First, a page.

2005 R&D 100 Winner
NanoFoil is a nanoengineered heat source that enables lead-free soldering and brazing of materials at room temperature. Developed by Timothy Weihs and Omar Knio at Reactive NanoTechnologies (RNT) in Hunt Valley, Md., with support from researchers at Lawrence Livermore National Laboratory, Calif., and Johns Hopkins Univ., Baltimore, Md., the NanoFoils are manufactured by vapor depositing hundreds of nanoscale layers that alternate between elements, such as aluminum and nickel. By thermally pulsing one end of the resulting foil with energy, the nanoscale layers begin to mix and release heat to the surrounding foil. This leads to more chemical mixing in adjoining areas of the foil and a chemical reaction that self-propagates across the full length of the foil.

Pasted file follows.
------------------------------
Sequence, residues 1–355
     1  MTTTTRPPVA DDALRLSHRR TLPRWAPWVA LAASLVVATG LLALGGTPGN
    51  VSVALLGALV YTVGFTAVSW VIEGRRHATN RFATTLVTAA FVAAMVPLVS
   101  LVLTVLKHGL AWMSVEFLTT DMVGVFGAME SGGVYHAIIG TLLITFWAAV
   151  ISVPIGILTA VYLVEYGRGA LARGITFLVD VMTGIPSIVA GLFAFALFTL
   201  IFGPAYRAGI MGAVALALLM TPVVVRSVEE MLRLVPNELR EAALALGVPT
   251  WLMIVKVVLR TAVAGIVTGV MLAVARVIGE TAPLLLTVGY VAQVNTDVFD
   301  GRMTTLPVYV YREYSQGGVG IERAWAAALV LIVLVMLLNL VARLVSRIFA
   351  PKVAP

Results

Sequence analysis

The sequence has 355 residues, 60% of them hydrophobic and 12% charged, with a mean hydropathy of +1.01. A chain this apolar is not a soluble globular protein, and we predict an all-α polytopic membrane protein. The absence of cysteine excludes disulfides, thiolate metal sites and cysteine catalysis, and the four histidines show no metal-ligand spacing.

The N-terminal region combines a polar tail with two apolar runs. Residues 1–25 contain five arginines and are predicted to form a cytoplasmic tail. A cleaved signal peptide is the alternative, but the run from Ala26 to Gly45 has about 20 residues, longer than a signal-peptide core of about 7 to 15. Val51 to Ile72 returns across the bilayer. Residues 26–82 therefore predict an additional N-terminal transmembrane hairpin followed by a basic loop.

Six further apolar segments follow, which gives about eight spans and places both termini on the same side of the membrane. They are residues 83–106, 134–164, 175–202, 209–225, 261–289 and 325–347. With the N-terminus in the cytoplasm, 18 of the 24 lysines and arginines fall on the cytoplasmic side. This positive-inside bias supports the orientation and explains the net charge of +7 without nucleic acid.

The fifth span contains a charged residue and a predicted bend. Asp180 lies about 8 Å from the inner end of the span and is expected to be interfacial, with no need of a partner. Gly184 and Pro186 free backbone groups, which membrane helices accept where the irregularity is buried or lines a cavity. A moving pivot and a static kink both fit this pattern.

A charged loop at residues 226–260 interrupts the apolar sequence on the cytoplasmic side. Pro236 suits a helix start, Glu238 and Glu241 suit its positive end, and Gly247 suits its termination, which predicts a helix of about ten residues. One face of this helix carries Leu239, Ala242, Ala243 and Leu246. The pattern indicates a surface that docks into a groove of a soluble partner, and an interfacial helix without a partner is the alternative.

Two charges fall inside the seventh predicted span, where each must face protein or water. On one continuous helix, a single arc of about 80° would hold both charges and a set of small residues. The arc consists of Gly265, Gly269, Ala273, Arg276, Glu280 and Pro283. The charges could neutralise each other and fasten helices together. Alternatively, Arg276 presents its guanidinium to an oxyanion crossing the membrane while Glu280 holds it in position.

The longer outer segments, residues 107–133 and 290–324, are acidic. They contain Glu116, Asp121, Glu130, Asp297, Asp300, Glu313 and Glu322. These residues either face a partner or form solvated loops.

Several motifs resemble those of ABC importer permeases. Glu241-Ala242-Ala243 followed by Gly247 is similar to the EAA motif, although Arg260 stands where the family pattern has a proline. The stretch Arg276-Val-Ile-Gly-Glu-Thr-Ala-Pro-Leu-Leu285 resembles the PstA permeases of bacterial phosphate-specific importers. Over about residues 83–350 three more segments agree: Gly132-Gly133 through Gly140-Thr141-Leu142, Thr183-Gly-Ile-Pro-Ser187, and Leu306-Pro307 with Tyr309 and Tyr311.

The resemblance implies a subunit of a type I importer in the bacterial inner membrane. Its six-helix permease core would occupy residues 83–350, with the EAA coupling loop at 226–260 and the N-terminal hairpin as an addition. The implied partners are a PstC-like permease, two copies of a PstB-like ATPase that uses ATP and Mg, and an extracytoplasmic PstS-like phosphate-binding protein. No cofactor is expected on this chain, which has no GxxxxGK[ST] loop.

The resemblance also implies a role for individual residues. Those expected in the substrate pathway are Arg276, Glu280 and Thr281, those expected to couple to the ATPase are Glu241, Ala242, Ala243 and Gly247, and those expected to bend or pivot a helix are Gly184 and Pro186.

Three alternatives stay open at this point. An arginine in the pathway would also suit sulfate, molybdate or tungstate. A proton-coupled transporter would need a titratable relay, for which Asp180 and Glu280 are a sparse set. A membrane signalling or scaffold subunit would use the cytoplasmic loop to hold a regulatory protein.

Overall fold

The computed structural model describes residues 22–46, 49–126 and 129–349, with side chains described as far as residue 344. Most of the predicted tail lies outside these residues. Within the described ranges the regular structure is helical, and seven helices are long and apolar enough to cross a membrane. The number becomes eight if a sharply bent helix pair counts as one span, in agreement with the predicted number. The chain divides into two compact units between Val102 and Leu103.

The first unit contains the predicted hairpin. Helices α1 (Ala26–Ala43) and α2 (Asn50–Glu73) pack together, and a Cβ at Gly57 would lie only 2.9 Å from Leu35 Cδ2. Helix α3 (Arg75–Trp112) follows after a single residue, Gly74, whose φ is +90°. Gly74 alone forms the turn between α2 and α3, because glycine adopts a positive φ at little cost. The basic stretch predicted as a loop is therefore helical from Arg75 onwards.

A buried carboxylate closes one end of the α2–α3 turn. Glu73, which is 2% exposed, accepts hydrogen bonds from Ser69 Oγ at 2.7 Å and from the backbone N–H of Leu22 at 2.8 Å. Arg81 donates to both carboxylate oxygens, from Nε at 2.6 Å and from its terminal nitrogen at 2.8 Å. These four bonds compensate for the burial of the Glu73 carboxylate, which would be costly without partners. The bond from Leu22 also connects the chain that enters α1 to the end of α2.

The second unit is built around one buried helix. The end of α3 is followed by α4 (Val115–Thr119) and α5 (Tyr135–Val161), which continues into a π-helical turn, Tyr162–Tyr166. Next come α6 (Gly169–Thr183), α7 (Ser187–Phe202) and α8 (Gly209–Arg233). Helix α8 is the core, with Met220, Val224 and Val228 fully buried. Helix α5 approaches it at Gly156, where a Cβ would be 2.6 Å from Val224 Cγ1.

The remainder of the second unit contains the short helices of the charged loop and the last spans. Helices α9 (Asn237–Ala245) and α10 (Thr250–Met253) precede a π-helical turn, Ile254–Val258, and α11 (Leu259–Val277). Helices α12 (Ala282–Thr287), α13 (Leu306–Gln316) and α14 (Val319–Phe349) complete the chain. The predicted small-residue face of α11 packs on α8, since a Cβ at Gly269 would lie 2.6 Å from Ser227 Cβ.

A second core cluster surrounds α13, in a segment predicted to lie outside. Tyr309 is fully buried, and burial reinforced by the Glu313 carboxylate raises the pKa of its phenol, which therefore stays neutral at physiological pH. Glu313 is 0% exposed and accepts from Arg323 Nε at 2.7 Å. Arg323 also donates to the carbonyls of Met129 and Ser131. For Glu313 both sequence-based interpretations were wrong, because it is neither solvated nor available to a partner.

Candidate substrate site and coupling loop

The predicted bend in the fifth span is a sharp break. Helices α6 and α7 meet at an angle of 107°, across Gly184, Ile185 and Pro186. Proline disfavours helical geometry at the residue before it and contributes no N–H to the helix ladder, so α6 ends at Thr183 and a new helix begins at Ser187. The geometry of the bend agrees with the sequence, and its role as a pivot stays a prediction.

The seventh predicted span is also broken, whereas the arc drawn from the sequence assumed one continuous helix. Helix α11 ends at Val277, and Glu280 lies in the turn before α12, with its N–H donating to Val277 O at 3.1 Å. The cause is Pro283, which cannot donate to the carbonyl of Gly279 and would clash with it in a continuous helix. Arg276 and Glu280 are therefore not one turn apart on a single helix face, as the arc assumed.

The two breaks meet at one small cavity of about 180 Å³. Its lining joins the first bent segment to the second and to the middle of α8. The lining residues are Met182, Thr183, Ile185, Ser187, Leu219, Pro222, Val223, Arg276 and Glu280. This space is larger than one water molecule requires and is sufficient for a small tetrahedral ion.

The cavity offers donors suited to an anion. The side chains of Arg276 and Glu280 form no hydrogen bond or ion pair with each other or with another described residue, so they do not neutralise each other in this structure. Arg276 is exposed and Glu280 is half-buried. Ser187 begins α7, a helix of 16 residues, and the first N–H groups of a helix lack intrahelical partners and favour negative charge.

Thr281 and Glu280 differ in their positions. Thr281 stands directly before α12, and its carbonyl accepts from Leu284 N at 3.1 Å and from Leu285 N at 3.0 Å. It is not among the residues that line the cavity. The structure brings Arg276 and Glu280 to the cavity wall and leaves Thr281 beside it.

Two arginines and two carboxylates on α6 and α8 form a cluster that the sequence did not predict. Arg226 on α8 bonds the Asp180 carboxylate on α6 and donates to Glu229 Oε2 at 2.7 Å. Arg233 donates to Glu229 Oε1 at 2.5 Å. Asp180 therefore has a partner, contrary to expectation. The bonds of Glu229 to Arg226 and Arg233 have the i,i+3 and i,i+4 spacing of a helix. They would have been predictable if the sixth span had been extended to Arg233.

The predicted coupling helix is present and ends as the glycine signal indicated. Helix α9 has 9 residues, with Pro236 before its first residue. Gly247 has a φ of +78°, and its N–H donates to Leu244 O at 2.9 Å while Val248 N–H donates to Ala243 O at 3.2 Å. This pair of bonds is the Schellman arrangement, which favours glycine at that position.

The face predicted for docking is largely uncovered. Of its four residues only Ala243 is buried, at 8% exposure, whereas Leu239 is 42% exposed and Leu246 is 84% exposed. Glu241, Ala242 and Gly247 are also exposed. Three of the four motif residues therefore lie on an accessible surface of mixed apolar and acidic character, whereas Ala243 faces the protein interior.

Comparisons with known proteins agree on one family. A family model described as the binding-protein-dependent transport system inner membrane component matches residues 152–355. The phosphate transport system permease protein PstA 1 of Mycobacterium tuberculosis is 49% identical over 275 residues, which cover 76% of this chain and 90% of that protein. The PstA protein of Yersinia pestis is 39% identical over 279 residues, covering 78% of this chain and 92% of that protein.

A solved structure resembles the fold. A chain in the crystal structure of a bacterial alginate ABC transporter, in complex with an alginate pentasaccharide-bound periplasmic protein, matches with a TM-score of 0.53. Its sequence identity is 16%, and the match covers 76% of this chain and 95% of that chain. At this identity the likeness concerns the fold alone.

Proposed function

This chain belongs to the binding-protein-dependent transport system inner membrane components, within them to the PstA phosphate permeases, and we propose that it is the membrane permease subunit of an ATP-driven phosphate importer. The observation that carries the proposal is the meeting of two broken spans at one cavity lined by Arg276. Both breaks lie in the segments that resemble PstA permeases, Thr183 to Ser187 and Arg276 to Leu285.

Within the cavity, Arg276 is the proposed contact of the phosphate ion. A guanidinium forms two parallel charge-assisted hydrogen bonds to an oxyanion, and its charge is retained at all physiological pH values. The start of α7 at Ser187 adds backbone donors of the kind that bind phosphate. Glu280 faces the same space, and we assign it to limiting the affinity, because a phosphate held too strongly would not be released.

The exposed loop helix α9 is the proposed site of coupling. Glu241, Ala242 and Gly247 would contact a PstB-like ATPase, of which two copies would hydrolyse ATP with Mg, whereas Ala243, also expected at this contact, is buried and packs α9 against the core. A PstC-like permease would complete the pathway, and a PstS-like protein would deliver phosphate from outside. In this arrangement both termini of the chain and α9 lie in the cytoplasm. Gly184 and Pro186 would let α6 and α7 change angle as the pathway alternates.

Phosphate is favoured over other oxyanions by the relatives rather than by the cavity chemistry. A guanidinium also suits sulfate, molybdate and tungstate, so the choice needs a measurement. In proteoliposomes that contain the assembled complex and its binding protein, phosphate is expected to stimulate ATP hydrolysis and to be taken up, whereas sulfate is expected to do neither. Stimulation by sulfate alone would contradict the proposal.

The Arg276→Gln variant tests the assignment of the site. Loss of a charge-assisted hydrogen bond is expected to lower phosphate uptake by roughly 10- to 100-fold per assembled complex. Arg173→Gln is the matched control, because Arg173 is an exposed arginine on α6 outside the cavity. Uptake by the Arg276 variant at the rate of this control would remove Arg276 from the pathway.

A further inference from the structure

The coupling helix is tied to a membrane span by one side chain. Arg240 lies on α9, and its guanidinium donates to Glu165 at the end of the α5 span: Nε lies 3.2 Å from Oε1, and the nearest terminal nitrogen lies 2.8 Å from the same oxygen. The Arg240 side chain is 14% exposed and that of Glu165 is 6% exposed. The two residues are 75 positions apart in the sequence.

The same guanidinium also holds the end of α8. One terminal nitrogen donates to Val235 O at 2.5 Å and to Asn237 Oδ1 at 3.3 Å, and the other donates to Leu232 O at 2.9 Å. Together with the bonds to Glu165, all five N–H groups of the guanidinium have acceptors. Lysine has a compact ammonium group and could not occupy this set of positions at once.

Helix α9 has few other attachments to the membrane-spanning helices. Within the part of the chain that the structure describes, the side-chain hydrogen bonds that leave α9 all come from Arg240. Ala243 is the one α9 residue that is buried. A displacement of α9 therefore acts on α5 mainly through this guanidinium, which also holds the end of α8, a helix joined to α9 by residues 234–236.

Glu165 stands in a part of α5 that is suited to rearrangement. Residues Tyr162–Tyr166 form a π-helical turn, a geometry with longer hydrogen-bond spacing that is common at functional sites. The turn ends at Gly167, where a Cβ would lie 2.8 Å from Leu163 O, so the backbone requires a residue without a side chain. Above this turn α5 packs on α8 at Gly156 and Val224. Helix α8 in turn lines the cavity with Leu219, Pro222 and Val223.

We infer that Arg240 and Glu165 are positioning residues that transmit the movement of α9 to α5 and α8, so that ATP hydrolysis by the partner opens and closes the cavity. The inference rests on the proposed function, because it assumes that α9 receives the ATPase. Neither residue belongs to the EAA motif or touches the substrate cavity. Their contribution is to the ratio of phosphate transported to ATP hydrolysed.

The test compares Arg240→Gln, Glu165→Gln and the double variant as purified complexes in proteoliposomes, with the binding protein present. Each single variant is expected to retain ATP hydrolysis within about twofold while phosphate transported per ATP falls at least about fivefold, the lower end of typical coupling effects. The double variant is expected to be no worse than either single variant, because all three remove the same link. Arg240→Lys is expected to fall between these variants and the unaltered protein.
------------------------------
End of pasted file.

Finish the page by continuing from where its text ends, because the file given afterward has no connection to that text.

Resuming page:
NanoFoil can be used to join a broad range of components consisting of metals, ceramics, semiconductors, and polymers. Bonding can be performed in many environments and is completed in a second or less. Because the heat is localized, components can generally be bonded without thermal damage. There also are basically no capital costs involved in the process and it is easily automated. The wide range of NanoFoil applications include the hermetic sealing of microelectronic devices, mounting of sputter targets, ignition of solid propellants, and defensive security flares.

Nanoengineered heat source

Reactive NanoTechnologies
Lawrence Livermore National Laboratory
Johns Hopkins Univ.